Growth beliefs are similar to growth mindsets and are characterized by the idea that relationships grow over time. Individuals with stronger growth beliefs think that relationships are malleable and can be improved upon through communication and overcoming hurdles in the relationship, compared to those with less pervasive growth beliefs.
In one study, participants were asked via questionnaire different questions about ghosting and their relationships, such as if they knew what ghosting meant, what behaviors they thought ghosting consisted of, and their perceptions and experiences with ghosting. They were then asked to indicate whether they agreed with a series of statements, such as if they thought ghosting was socially acceptable, if they had ghosted someone, and if they had been ghosted before. Lastly, they were asked how likely they were to ghost someone to end a short-term, casual relationship, and how likely they were to ghost someone to end a long-term relationship.
Results indicated that participants with stronger destiny beliefs were more likely to find it socially acceptable to use ghosting to end both short-term and long-term relationships, were less likely to think poorly of a ghoster, reported a higher likelihood of using ghosting in the future, and were more likely to have ghosted or have been ghosted than individuals with weaker destiny beliefs.
On the other hand, participants with stronger growth beliefs were less likely to indicate that ghosting is an acceptable way to end a long-term relationship compared to those with weaker growth beliefs. Overall, destiny beliefs were associated with more positive perceptions of ghosting as an acceptable way to end romantic relationships, whereas growth beliefs were less frequently associated with participants’ perceptions. Participants with stronger growth beliefs were less likely to feel that it was acceptable to use ghosting to end a long-term relationship than those with weaker growth beliefs.
People may ghost others because of a fear of conflict, even though studies have shown that ghosting is costly for both parties. Ghosting can essentially be seen as avoidance of confrontation, even though this can actually lead to bigger confrontations down the line. Ghosting is likely to trigger more anger and hurt for the recipient than a typical breakup, and it can actually cost the ghost much more in the long run, as frustrated recipients often track down and confront the ghost, often in front of family or in public situations.
For someone who tried to hide from conflict in the first place, a showdown is the worst outcome that a ghost can ask for. Most people generally do not look forward to tough conversations, and breaking up with someone certainly falls into this category. People have the fear of disappointing others, of seeming like the “bad guy”, and angering others. All of these things cause anxiety, which may lead people to become a ghost as opposed to dealing with the confrontation of breaking up. However, the more that you avoid the conflict, the more the anxiety builds over time. Someone that ghosts probably tends to run away from all of the problems that come up in a relationship, even if they could have been sorted out through open communication.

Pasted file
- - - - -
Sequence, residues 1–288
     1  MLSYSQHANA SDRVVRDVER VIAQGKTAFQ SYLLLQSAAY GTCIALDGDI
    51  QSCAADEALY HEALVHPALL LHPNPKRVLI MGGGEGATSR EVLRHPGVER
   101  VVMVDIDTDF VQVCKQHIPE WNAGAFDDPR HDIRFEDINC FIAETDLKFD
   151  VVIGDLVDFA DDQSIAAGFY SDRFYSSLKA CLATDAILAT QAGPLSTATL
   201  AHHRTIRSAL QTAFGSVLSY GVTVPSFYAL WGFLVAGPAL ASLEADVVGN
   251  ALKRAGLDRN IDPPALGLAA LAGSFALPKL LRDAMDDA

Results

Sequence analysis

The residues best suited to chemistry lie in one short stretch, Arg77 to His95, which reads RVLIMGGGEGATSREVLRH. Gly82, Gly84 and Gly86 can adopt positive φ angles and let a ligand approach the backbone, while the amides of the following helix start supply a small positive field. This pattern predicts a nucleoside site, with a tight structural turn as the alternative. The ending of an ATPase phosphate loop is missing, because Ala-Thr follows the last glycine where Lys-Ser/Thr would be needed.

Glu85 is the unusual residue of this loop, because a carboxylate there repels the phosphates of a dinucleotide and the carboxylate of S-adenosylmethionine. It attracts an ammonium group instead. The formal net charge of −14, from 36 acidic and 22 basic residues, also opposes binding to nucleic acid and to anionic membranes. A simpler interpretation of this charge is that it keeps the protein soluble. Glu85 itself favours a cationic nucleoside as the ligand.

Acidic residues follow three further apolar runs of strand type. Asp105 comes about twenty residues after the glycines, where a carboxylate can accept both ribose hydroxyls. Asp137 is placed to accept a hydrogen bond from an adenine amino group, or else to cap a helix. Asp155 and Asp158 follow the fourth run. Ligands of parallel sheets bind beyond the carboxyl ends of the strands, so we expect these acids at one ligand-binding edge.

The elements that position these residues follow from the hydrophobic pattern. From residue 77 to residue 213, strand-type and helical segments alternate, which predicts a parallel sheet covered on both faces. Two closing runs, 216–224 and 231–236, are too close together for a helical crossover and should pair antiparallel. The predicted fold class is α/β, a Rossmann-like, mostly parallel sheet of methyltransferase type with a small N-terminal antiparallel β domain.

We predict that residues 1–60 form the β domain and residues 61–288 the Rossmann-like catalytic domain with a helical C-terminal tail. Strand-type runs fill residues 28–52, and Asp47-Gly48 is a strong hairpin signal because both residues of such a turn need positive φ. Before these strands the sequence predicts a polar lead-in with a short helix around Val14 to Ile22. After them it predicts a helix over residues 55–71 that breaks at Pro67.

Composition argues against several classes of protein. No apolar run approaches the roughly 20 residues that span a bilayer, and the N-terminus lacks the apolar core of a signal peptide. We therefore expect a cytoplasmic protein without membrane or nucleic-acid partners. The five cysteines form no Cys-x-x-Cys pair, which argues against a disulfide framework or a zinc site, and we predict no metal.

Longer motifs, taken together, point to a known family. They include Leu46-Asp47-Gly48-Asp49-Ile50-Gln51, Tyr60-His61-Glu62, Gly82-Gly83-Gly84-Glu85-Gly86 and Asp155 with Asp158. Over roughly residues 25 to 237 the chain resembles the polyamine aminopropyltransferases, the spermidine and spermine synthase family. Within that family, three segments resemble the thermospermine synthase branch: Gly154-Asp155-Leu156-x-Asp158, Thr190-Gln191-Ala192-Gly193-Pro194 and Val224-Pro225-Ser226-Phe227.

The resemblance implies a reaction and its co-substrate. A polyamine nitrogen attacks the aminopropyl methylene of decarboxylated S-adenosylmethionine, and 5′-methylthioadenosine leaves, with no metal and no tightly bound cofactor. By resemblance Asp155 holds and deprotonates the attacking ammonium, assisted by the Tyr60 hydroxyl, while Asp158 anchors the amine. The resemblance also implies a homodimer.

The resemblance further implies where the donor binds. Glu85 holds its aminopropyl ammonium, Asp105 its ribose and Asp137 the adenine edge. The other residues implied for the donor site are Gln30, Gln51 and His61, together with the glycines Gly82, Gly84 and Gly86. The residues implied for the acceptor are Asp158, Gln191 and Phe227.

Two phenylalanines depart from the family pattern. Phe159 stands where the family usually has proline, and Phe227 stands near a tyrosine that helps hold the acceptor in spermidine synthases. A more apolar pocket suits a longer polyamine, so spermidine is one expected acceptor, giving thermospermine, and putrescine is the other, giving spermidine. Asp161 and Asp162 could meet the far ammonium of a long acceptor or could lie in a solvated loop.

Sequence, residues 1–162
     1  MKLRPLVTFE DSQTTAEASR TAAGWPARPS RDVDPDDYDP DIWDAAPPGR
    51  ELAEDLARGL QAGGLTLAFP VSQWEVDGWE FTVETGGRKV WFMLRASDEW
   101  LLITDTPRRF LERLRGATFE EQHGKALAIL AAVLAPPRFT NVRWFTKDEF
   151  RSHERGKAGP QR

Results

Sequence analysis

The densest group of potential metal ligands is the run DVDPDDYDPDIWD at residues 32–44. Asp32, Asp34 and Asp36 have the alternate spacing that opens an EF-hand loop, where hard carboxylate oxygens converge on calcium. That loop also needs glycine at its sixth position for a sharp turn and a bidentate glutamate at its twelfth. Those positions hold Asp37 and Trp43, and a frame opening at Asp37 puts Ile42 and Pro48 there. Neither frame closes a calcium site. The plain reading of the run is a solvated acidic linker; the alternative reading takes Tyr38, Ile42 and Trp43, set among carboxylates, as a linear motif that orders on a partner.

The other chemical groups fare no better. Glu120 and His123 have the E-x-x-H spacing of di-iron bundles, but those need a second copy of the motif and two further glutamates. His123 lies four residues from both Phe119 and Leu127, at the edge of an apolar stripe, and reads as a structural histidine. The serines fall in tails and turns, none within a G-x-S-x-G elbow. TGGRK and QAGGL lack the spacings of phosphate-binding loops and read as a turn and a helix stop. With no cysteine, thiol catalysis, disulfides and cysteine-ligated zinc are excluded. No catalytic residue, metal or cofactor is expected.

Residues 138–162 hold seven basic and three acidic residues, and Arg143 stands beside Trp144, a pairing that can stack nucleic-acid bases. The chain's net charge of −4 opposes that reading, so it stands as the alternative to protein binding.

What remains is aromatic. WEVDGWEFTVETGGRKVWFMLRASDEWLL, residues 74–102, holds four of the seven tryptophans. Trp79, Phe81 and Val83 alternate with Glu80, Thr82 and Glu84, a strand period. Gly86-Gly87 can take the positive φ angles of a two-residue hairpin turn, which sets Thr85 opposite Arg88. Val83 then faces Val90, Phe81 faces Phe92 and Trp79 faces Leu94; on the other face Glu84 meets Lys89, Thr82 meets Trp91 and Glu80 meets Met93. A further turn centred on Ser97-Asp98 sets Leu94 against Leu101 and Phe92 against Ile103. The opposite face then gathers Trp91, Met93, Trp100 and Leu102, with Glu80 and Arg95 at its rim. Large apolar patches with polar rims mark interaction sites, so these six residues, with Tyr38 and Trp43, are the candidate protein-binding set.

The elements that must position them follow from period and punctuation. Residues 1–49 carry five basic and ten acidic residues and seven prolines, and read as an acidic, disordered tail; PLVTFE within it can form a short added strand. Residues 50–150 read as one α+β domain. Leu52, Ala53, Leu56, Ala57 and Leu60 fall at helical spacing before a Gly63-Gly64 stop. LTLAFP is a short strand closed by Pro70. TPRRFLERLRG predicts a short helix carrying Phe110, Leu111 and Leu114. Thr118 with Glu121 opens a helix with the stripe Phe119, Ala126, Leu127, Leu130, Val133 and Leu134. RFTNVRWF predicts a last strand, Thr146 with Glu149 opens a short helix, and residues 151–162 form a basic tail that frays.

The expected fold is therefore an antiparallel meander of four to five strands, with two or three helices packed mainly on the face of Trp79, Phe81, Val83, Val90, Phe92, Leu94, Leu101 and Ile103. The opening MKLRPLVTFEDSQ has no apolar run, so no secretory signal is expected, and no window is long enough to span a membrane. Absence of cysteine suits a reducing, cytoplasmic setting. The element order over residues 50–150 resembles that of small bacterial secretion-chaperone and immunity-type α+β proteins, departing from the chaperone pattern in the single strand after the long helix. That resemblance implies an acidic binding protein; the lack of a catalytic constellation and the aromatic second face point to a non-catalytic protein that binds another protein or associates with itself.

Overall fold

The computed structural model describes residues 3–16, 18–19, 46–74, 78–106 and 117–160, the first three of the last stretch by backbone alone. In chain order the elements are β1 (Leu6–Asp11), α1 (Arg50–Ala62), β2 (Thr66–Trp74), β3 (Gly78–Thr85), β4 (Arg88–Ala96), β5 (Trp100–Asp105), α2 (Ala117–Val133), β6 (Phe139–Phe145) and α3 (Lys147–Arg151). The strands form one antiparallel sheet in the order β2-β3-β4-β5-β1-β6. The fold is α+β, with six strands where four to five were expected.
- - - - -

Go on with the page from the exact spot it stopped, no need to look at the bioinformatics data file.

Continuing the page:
Although breakups are always difficult no matter the circumstances, there are some ways that breakups can be easier, according to psychology:
1. Tell the truth, but don’t be cruel. If you are the one ending the relationship, you owe it to your partner to explain why. Getting over a breakup is always extremely painful when you do not understand or know the reason why it is happening.
2. Do it face to face. Breakups that are done in-person are the most considerate and mature, and it should be done in a private place to avoid a public spectacle.
3. Be sure about it. Sometimes a breakup is done hastily, done in a moment of anger or embarrassment. Develop self-awareness to understand why you're really breaking up with this person.
4. Respect their space afterward. It may seem like the kind thing to do to check in on your ex or to maintain a friendly rapport after the breakup, but rests the urge. The person that gets “dumped” should be the one to decide when, or if, they want to reopen contact. In some cases, it is the healthiest to break off contact.
5. Hug a bear. As silly as it may sound, get yourself a stuffed animal after you go through a breakup. Our limbic system still pumps all of the “happy chemicals” after a breakup, such as oxytocin and dopamine, and we crave the physical touch of our ex partner that causes these chemicals to get released. Give that old stuffed animal that you got when you were a newborn a good squeeze. You may get that good shot of happy chemicals that you are looking for, as hugging a stuffed animal may have almost the identical effect as hugging a partner.
If you'd like more resources on maintaining a good relationship, improving an unhappy relationship, working through conflicts, or getting over a breakup, check out the LIFE Intelligence app. An app for couples and singles alike, it can teach you a lot -- about yourself, and about how to love and when to leave.